Article

HR Answers: KPIs That Can Improve Employee Engagement

diverse and happy young team of business colleagues high five
By David Mizne

4 minutes

Evaluating performance feedback, retention and onboarding processes is key to a happy and productive workforce.

A credit union is just like any other business: It needs motivated and productive employees in order to succeed. That’s why, if you’re a credit union that prides itself on top notch HR practices, you need to prioritize employee engagement.

Engaged employees aren’t simply more productive than others. They inspire their coworkers, they propose innovative ideas, and they are more likely to stay with your organization instead of looking for employment elsewhere.

This is a major reason why engagement is important. The average cost of turnover per employee is $15,000 according to a study by the Work Institute. Your credit union can actively avoid unnecessary expenses if your workers are happy in their roles.

Of course, understanding the need to boost engagement doesn’t translate to knowing how to do so successfully. These key performance indicators can help. Use them along with consistent performance evaluations to boost engagement and determine if your current strategy is working.

1. Feedback

Employees constantly want to know if their managers are happy with their performance and if they are headed in the right direction. In fact, one recent survey as reported by Forbes indicates approximately 65% of employees wish to receive more feedback from supervisors, not less.

When employees know they are performing well, they are more confident in their roles, which can improve real and perceived member service. When leaders communicate that an employee or team needs to make certain improvements and why, they are better-equipped to make the necessary changes. This is the simple reason performance feedback breeds engagement.

Your job as an HR professional isn’t to offer feedback to employees who don’t work directly under you. Instead, your job is to survey employees from each department and gauge if they are happy with the degree of feedback they currently receive. If employees in a particular department report wanting more feedback, coordinate with their managers to discuss how the credit union can better fulfill needs and expectations.

2. Recognition

Feedback doesn’t always need to be positive. If an employee is struggling, it’s on their managers to help guide them in the right direction. They’ll be more likely to improve if they understand what changes need to be made.

That said, it’s also important for managers to acknowledge positive employee contributions. Doing so can boost engagement significantly.

This is another point HR should ask about in employee surveys. Don’t stop at finding out if workers feel they are receiving enough feedback in general. You also need to find out if they are getting the recognition they deserve. If they aren’t, address this with their respective managers.

3. Retention

Surveys consistently indicate that today’s workers are no longer content remaining in the same job, with one set of responsibilities, for years on end. Many people leave organizations for other jobs because they are eager to reach the next stage of their careers, and this is often the quickest way for them to do so.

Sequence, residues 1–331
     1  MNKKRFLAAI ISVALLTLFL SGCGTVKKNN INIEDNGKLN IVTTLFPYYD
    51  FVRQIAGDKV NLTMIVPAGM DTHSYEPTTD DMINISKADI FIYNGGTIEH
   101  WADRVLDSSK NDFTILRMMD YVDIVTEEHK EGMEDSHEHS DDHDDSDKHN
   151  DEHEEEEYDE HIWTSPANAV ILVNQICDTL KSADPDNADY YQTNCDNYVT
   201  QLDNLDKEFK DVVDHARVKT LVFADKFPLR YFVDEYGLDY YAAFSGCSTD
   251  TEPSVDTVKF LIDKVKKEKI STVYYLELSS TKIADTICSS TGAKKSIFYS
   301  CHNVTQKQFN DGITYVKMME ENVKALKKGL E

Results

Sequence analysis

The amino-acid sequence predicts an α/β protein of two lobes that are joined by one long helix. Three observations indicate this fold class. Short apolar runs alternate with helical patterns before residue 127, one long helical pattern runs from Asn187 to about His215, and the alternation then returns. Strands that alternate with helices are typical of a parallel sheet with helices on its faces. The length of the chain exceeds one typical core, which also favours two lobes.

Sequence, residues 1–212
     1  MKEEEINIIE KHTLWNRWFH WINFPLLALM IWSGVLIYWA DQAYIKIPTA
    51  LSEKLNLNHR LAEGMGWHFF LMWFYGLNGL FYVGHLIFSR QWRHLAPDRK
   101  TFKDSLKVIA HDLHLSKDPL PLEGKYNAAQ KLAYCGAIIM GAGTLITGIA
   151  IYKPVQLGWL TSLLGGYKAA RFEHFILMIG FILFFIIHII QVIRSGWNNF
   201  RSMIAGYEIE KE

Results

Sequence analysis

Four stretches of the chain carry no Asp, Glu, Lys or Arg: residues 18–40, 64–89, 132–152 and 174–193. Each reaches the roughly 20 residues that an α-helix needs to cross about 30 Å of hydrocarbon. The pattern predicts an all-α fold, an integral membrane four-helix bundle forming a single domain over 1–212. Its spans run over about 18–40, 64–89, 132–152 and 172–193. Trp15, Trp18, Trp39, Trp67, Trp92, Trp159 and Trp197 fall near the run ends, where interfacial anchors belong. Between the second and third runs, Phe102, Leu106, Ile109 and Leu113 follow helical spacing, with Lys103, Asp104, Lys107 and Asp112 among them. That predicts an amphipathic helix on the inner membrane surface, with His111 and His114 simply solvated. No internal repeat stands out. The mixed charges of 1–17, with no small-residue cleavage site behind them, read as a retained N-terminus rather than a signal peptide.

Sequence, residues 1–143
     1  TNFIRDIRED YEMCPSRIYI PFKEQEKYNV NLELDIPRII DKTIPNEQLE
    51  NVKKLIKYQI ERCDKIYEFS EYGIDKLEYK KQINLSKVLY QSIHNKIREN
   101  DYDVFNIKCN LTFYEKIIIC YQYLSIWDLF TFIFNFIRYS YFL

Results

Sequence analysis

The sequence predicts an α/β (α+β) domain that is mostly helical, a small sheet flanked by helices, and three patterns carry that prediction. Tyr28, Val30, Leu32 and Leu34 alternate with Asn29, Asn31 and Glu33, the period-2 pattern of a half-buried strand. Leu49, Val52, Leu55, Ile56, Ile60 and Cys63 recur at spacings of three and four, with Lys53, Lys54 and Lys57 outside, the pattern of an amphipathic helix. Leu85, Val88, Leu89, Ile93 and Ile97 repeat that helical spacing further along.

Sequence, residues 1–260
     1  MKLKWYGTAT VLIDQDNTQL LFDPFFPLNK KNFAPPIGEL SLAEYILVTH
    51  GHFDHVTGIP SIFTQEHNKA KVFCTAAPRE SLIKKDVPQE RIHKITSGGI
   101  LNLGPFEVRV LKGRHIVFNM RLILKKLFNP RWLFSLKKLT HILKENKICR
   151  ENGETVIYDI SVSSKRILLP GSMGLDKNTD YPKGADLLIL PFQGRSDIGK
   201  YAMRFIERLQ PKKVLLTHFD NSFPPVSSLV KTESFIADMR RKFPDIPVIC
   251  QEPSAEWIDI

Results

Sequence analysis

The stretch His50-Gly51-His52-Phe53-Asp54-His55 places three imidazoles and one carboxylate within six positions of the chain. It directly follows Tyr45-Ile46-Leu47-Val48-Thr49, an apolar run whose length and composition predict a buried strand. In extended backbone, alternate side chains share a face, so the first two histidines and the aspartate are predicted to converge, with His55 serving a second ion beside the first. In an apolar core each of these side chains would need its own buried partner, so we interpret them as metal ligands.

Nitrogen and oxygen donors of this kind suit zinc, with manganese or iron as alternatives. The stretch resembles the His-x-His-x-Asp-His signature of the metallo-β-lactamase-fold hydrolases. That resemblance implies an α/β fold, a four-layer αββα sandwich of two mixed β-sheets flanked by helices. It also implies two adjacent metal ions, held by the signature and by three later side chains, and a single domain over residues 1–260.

As such, your credit union needs to provide its workforce with the right growth opportunities. This involves making sure employees clearly understand the path to promotion and what’s expected of them to get there. It also means providing them with greater access to educational and training resources. Reward strong performance with new responsibilities and higher pay or benefits to match.

Taking these steps will have a positive impact on employee retention. However, it’s still important to measure retention by comparing your turnover rate to the industry average. If your rate is above average, you may need to take additional steps to boost retention.

This is another instance where it helps to survey employees. Find out what factors influence their decision to stay or seek other jobs. Most importantly, take action based on their responses. Do employees generally seem to agree they’d be more likely to stay with your credit union if they had flexible scheduling options? If so, it’d be advantageous to strategize more flexible scheduling options for your employees.

4. Onboarding

Review your onboarding processes to determine if there is room for improvement and survey current employees to get their impressions.

Maybe you’ll find training isn’t emphasized enough. New hires may struggle at your credit union because they weren’t given enough time to develop certain skills or knowledge required for their roles. 

Perhaps onboarding protocols don’t do enough to introduce new employees to their coworkers. As a result, they might feel they aren’t connected to the workplace culture.

Measure the effectiveness of your onboarding processes by comparing your 90-day new hire success rate to the industry average. If you’re missing the mark, you need to re-evaluate your current protocols and adjust accordingly.

Boosting employee engagement through improved HR processes delivers a strong return on investment and gives your credit union a competitive edge. These key performance indicators will help you promote continuous reevaluation to keep your organization agile.

David Mizne is marketing communications manager at 15Five, San Francisco, a provider of continuous performance management software that includes weekly check-ins, objectives tracking, peer recognition, one-on-ones and 360 reviews. Mizne’s articles have also appeared on The Next Web & The Economist Blog. Follow him @davidmizne.

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